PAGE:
Until April 2
Whether you possess a good fortune or are in want of a wife, you’ll be thoroughly enthralled with Citadel Theatre’s production of Pride and Prejudice. In a modern take on Jane Austen’s most famous and timeless work, Elizabeth Bennet navigates the contemporary world, her sisters and her mother, while the arrival of Mr. Darcy makes her question some of her long-held beliefs on matrimony.
Until April 2
A young server experiences the most harrowing shift of her life in All The Little Animals I have Eaten. Written by award-winning playwright Karen Hines, the show gives a biting take on capitalism, consumption, the commodification of feminism and the increasingly unattainable dream of getting a piece of the real estate pie.
Coaching While Black tells the story of Don “Tex” Phillips who, after a career in American college basketball, ended up coaching in Edmonton — first at Paul Kane High School, then at NAIT. His teams found incredible success, including back-t0-back ACAC championships, before being let go — but not before changing the recruitment process of college sports for years to come. Watch the film at Metro Cinema, then stay for a Q and A with Phillips and director Alex Eskandarkhah.
The only April fools will be the ones on stage giving advice at Evolution Wonderlounge for the April Fool’s edition of All the King’s Men: Mansplaining with Drag Kings. The goofy, well-meaning boys will answer your questions about love and life with just the right amount of self-unawareness.
April 1 and 2
Harcourt House welcomes people with all levels of drawing experience to take part in its Weekend with the Model sessions. Four models will pose over two days and Harcourt will provide the easels, tables and chairs. All you need to bring are drawing materials and your creative flair.
Canadian Chaos Black Metal extremists REVENGE attack the Starlite Room stage with songs from its new album, Strike.Smother.Dehumanize. The band, which holds “contempt for the enslaved modern man that feeds at the trough of mediocrity with every waking breath” is sure to put on a lovely show.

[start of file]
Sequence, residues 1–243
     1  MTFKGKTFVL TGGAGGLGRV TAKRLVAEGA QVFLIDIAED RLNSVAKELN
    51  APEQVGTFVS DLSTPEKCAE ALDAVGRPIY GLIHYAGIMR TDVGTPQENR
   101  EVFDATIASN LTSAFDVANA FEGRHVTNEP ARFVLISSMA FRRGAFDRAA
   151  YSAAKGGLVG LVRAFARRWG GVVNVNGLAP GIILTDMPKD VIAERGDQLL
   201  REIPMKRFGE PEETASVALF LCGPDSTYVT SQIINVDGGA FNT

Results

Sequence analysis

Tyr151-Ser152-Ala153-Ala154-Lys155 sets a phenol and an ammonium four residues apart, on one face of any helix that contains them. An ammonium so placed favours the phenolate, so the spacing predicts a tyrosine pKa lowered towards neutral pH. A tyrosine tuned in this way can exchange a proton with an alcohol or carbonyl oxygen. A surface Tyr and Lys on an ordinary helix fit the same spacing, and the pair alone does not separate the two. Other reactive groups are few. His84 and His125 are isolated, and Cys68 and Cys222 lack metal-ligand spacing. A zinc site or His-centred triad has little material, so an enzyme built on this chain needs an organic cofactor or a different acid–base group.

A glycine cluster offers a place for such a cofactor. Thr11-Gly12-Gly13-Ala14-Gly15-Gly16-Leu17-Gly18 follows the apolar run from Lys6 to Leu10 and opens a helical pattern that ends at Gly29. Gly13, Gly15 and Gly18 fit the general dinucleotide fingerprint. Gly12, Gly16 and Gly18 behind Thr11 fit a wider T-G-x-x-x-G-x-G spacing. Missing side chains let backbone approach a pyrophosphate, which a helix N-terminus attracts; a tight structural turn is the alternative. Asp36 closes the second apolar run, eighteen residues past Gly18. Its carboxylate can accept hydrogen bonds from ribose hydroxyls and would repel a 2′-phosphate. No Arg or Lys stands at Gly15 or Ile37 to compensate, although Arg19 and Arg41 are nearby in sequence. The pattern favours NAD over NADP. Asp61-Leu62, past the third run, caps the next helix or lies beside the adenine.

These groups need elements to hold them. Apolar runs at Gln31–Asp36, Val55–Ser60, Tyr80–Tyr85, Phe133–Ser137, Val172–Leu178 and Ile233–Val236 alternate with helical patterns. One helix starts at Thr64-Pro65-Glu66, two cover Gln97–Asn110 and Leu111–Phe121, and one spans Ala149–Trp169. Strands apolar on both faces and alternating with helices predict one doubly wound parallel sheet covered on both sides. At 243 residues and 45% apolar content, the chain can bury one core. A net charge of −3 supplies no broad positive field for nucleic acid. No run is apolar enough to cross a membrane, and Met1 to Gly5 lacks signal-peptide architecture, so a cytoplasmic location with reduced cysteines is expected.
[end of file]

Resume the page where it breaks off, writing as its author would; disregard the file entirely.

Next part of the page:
Do you like drawing, but hate that you aren’t competing against someone else when you do? Or, are you unable to draw, but want to put the people who can in their place? Casino Yellowhead’s Art Battle has you covered either way. You can either join the high-speed, three-round battle to create your best work, or sit on the sideline and judge those who do. Either way, a fun night of creative competition will be had.
What makes a kids’ band…a kids’ band? A juvenile name helps, and Koo Koo Kanga Roo certainly has that (if you ignore the initialism of their name). But this American (?) comedy duo wants to change the idea of what a kids’ band can do (and sound like), and they’ll prove it at the Starlite Room with raps and hooks and songs from their pandemic-produced album, Slow Clap.
You know that thing, where you read Edify’s Best Restaurants issue and the food pictures look so good you start licking the pages because you can’t get to all the restaurants as soon as you want? Well now you can sample food from the fine establishments participating in our Best Restaurants event. There will be tacos, smoked tofu, ahi tuna and at least two types of tartare (elk and bison). We might even have clean copies of the issue available.
It’s been over five years since Canada lost Gord Downie, but his music and words live on, and you can get a taste of his live performances thanks to The Incredibly Hip, who will pay tribute to Canada’s most beloved rock band at the River Cree.
April 7 and 8
Spring is starting… or at least winter is (almost) ending. And that means outdoor music is back with Downtown Defrost, two days of sweet, springtime sounds at Louise McKinney Park (for the family friendly daytime songs) and the Starlite Room (for the afterparty).
Until April 8
Tired of going to dinner theatre without your kids? Probably not. But Jubilations Dinner Theatre has a show and meal made just for them, so they (probably) won’t roll their eyes when you tell them you’re taking them to The Mighty Shrek.
There are magical, musical things happening at MacEwan University’s Conservatory of Music, especially its inaugural series of performances with the Garneau String Quartet. Students will take what they’ve learned from the quartet and, along with guest artists (and the quartet), perform on stage at Muttart Hall.